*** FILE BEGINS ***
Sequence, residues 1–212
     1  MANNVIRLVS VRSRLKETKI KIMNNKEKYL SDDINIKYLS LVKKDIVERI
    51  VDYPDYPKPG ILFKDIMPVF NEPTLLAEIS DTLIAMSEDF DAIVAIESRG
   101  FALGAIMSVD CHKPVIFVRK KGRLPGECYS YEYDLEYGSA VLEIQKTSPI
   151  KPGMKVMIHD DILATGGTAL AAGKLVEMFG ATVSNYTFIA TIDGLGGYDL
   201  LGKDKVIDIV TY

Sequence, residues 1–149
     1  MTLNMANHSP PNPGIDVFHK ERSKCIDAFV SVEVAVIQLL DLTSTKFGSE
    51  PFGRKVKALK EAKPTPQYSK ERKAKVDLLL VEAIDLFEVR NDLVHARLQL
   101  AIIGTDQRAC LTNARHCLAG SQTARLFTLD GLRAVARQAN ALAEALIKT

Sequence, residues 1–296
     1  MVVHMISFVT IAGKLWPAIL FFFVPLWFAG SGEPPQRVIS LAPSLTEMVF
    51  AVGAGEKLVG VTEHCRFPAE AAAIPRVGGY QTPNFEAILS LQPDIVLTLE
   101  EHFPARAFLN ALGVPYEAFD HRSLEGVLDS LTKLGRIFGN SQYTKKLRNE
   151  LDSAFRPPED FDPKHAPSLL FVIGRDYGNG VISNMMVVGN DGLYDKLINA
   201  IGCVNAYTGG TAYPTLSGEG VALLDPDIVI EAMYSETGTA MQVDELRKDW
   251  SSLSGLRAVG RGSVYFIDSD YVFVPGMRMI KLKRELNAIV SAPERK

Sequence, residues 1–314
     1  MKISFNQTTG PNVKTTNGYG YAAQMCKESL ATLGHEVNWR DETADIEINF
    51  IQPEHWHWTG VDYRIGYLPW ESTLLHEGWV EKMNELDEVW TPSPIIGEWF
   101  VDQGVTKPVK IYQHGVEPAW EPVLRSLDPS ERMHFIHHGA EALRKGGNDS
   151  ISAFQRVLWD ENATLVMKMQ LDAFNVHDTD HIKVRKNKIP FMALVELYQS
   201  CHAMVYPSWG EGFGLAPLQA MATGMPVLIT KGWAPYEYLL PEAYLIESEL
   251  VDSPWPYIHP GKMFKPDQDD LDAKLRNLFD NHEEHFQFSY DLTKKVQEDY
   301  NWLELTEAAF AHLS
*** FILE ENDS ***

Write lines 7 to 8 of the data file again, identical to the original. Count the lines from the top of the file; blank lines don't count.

Sequence, residues 1–149
     1  MTLNMANHSP PNPGIDVFHK ERSKCIDAFV SVEVAVIQLL DLTSTKFGSE